How Gardening Is Helping Me Get Through the Pandemic
Live better, garden more.
One of my earliest memories is sitting next to my mother beside our garden, her hands over mine, teaching me how to pull out weeds. It’s a simple task, and one seemingly tailor-made for little children who relish the chance to yank or pull on anything they can get their tiny hands into.
My mother has always had a garden: growing up as the daughter of Russian immigrants on a farm in Connecticut, they grew all sorts of herbs, vegetables, and flowers. She’s now 71, and continues to garden daily, even while under quarantine. Meanwhile, I’ve only recently rediscovered the meditative and deeply zen feelings that come from gardening.
For lots of us, this pandemic is a time of deep disconnect with ourselves and each other. Many people are reporting that they’ve felt even more exhausted from working and going to school online. We’re working, learning, and socializing through screens, giving daily life an unnerving sense of unreality.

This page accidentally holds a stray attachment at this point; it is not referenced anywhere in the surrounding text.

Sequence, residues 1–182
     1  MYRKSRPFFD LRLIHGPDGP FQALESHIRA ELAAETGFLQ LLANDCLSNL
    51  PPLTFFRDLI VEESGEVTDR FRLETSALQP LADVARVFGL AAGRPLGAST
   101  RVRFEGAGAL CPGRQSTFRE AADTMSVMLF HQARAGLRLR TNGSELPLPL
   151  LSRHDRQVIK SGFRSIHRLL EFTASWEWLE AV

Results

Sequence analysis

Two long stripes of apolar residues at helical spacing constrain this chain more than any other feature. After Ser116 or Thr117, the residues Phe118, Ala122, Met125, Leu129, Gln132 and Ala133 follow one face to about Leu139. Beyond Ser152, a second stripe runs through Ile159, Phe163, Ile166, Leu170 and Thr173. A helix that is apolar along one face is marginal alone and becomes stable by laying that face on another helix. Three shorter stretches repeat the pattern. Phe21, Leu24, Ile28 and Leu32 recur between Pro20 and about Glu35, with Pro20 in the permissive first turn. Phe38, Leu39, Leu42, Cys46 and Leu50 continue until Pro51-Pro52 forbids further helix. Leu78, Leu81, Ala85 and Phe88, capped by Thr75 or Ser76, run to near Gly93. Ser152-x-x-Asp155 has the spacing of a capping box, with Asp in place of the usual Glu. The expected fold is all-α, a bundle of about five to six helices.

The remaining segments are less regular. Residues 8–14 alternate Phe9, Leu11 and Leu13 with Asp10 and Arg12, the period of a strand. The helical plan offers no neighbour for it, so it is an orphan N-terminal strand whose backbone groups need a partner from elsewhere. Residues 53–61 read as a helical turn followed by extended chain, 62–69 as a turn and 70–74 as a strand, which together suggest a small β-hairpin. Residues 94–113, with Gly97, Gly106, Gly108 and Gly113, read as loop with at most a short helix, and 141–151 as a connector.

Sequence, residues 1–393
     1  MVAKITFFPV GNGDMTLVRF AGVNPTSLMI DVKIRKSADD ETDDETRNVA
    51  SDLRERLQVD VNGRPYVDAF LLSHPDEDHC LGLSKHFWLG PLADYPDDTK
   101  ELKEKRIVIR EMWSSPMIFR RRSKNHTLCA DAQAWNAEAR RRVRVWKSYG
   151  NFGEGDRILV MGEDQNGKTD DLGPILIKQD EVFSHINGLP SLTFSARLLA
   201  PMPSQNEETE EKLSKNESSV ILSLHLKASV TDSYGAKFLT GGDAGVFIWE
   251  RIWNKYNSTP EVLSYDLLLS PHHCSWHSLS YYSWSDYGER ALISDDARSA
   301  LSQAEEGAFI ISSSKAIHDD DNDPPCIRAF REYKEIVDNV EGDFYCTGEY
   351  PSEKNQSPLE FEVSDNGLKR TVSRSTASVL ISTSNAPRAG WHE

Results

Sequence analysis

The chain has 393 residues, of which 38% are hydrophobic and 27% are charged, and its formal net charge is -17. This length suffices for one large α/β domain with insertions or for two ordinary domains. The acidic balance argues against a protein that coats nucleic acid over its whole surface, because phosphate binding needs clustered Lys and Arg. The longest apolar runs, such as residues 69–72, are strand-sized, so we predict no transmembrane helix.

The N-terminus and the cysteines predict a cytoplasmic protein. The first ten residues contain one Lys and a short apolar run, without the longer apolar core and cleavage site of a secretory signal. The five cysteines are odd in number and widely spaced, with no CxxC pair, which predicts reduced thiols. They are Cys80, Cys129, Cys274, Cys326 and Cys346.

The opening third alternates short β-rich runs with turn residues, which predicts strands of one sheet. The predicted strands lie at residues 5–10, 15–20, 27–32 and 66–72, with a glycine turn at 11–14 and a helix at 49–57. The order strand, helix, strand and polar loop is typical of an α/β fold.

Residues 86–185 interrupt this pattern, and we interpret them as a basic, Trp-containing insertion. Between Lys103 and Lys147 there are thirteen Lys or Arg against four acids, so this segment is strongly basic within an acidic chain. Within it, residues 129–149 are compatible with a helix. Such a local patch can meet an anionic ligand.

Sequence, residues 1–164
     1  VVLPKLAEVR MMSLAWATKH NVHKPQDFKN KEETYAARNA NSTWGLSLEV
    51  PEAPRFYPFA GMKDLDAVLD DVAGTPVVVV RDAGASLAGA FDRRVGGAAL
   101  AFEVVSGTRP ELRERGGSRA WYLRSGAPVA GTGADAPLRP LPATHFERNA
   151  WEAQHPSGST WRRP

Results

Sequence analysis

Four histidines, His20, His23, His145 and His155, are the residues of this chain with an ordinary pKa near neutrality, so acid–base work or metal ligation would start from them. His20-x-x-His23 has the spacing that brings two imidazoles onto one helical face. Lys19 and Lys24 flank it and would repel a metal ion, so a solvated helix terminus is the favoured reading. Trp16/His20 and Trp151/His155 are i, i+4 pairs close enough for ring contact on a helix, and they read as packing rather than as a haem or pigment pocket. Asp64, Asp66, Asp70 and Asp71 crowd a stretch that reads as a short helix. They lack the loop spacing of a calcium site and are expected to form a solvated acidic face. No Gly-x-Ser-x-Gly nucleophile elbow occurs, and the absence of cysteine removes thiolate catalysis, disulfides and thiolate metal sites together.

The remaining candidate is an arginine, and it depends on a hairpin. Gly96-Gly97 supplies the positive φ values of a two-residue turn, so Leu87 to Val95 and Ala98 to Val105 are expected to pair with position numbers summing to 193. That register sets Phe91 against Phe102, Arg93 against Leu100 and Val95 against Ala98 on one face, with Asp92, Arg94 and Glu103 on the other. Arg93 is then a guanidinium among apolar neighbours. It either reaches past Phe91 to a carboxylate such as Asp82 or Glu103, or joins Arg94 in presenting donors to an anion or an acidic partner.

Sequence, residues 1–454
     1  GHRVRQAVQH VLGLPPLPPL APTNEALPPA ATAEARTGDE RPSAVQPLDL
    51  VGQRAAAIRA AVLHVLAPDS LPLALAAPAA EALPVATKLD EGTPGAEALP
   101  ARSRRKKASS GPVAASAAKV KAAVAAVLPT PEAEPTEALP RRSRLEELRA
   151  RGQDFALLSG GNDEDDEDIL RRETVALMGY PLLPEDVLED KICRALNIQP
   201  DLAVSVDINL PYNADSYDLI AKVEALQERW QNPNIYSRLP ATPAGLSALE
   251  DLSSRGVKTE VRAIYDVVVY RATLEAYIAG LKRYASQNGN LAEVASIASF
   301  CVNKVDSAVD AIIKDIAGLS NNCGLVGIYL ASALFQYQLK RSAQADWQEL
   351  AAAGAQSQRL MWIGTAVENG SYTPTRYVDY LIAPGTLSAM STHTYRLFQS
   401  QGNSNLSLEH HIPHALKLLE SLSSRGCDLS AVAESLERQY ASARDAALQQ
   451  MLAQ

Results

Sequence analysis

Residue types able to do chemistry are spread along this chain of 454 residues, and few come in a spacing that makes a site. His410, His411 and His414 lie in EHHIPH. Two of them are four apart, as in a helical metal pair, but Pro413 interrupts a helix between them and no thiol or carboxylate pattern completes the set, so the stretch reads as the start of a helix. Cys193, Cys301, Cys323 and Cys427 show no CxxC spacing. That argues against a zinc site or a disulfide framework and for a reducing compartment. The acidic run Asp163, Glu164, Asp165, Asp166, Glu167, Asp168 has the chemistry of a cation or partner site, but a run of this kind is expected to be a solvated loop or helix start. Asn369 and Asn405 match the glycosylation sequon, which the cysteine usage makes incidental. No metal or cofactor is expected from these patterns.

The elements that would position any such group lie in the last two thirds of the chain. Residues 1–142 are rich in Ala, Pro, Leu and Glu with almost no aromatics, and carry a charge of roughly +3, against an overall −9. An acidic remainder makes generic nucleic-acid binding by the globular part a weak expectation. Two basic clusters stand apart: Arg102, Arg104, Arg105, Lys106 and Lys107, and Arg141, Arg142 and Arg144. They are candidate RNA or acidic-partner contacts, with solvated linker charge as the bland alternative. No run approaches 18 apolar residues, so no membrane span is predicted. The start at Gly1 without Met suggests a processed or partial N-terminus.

Which is why now is the perfect time to get into gardening! There is nothing more real, more tangible than sticking your hands in the dirt and growing something lovely. And watching something sprout from a dry little seed to a curly green tendril to a full-blown plant is rewarding in a way that harvesting digital turnips on Animal Crossing just isn’t.
And here’s the thing no one tells you: gardening is not that hard. It just takes a little bit of work, a few times a week, to reap the benefits. If you’re craving something lovely to look at, try your hand at some impatiens. Or filter your air naturally with some hearty ferns. Personally, I love growing herbs and vegetables. The satisfaction of cooking with and eating the stuff I’ve grown makes me feel like a Little House on the Prairie character living off the land.
But what if you don’t have the space to garden? Not to worry! You can grow tomatoes and other veggies in a small pot on your balcony or stoop. No outdoor space? No problem! You can grow herbs on your kitchen counter via hydroponics, which use water and nutrients instead of dirt.
You can buy ready-made hydroponic kits, which come with starter seeds, or you can get DIY with it and craft your own hydroponic grower:
If you’re a gardening newbie, I’d recommend a simple seed starter kit, like this one:
Better yet, if you’re looking for starter plants, supplies, and gardening advice, find a nursery near you. Many of them are still open, and some are doing curbside pick-up. It’s a great way to learn about gardening while supporting a small local business.
Start small, and grow from there. If you’re unsure of where to start, there are countless gardening books, magazines, and YouTube videos to answer all your questions.
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